I've used all kinds of RF signal generators over the years from 1950s General Radio and Heathkit to the best HP/Agilent and everything in between. You can get older vernier VFO types very cheap or free these days but you really want to have a stable frequency counter to make sure you are on the the right frequency. Unless its been recently calibrated you almost need an RF millivolt meter or RF power meter to go with it, which starts to complicate what was an inexpensive purchase.

I recently bought a new little signal generator from Elecraft that would be just fine for testing and aligning any HF through VHF radio and its not very expensive. The XG3 signal source is computer programmable and puts out a very stable and accurate signal on any frequency between 1.8 and 200MHz with precise levels of -107dBm (1uv), -73dBm (50uv for S9), -33dBm (S9+40dB) and 0dBm.

The XG3 cost $179 new, which is not bad for someone setting up a new test bench or who needs a very simple and portable but accurate generator. Elecraft® Hands-On Ham Radio™
prcguy


I am sorry to see that this thread died out so long ago. I don't know if anyone will see this but I am certainly thinking of setting up a bench just to get a few of my old radios up and cooking.

Some things I have thought of:

What is a good reason that one could not take an old radio with a dead driver/final, pull out all of that circuitry, build in a little buffering/output conditioning/level control and use it as a signal generator for rx alignment? Build an outboard audio oscillator/switch to patch into the mic jack for modulation. It would seem too me that this would work.

Also. ... these inexpensive Usb SDR dongles.... could you use one as a rough spectrum analyzer? Again I know it isn't lab quality. ..... but it would seem that you could tune down that 54mhz spike and at least see if you have any other spurious emissions.....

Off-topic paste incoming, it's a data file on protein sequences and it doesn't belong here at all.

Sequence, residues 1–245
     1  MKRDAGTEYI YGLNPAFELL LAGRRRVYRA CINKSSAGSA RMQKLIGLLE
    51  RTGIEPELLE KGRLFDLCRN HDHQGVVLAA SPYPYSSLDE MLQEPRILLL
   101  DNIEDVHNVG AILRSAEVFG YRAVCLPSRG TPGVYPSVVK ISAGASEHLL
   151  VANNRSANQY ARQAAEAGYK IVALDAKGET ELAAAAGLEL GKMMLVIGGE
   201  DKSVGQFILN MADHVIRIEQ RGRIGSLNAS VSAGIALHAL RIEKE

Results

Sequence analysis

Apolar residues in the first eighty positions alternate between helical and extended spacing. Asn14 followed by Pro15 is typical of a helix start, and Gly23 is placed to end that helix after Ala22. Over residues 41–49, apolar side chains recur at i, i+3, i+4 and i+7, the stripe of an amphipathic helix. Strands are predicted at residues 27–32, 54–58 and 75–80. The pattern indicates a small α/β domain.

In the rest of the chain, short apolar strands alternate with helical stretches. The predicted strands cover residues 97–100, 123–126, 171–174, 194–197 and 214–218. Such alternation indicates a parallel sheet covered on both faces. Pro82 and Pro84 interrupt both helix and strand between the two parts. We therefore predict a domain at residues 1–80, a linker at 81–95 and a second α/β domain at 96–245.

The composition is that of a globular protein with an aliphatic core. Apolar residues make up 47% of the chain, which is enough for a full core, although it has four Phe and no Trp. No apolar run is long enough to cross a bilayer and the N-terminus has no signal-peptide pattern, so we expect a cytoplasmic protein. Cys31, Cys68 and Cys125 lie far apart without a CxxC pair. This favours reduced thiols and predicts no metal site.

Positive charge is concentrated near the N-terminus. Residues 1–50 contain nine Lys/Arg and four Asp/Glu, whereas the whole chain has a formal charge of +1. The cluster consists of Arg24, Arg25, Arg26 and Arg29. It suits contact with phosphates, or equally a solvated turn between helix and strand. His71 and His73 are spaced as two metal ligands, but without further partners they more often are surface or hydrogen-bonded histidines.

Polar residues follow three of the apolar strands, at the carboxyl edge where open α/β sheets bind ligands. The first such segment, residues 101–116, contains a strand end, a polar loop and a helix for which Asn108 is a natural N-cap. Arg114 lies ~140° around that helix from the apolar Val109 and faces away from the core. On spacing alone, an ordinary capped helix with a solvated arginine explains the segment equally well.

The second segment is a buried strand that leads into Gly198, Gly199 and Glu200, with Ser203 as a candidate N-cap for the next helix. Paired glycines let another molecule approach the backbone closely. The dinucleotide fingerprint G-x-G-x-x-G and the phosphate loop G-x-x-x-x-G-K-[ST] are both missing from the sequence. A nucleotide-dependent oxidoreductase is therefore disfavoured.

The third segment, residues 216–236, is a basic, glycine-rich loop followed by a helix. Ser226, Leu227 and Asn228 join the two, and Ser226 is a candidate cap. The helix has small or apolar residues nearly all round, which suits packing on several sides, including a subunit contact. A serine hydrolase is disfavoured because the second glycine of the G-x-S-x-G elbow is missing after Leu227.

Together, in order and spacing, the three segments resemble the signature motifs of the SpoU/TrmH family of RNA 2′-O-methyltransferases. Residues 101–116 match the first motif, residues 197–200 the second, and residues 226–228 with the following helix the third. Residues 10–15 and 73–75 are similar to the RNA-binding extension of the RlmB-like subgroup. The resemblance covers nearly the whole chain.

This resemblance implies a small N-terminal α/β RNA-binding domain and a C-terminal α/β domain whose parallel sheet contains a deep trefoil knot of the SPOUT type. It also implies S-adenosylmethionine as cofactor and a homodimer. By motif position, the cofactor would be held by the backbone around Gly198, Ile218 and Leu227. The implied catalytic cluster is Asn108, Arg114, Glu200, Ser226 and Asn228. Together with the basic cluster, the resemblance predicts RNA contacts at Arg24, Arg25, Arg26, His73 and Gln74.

And. ... these inexpensive component checkers....... lab quality? Nope. .. but they seem to compare favorably especially when you count the price point. ...

Just fishing for possibilities. ..
 

KANE4109

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Joined
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Messages
45
Location
Deer Park, TX
No sir, not bad at all.
The thing that has me "mentally" about vernier dial RF Generators is that the area between 26 & 27 MHz is a tiny little portion of sweep. Even with a freq. counter... is it a realistic expectation that you can get that thing set right-spot-on a channel frequency? That's why I was pondering an old "beater" radio. Get the PLL aligned so that the frequency is correct and I would THINK (now this may tip you off as to EXPERIENCE ;) ) that the CB would be more accurate than trying to get these ham-handed fingers to be delicate enough with that dial.

Any thoughts on that?
 

prcguy

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So Cal - Richardson, TX - Tewksbury, MA
Some old VFO type signal generators were very crude and are difficult to accurately set up on 27MHz, plus they can drift a lot. Its best to move on and get something that's actually usable for the job you want to do, the frustration and time wasted is just not worth it.

You have to be confidant in your test equipment, otherwise if the radio your working on is doing something strange, is it the radio or your setup? The worst feeling you can have besides accidentally shorting something out and damaging it is not having faith in your test equipment.

If all you will be working on is CB, there are lots of choices on Ebay and ham radio swap meets.
prcguy

No sir, not bad at all.
The thing that has me "mentally" about vernier dial RF Generators is that the area between 26 & 27 MHz is a tiny little portion of sweep. Even with a freq. counter... is it a realistic expectation that you can get that thing set right-spot-on a channel frequency? That's why I was pondering an old "beater" radio. Get the PLL aligned so that the frequency is correct and I would THINK (now this may tip you off as to EXPERIENCE ;) ) that the CB would be more accurate than trying to get these ham-handed fingers to be delicate enough with that dial.

Any thoughts on that?
 
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Traditionally I never really did much service wise. Last 3 or so years I've had various R8000's issues to me as I primarily one did FM or DMR/P25. Then I began playing…rescued and R2001 and pull it out occasionally. It's a dynamic bench though. Usually more networking gear than anything.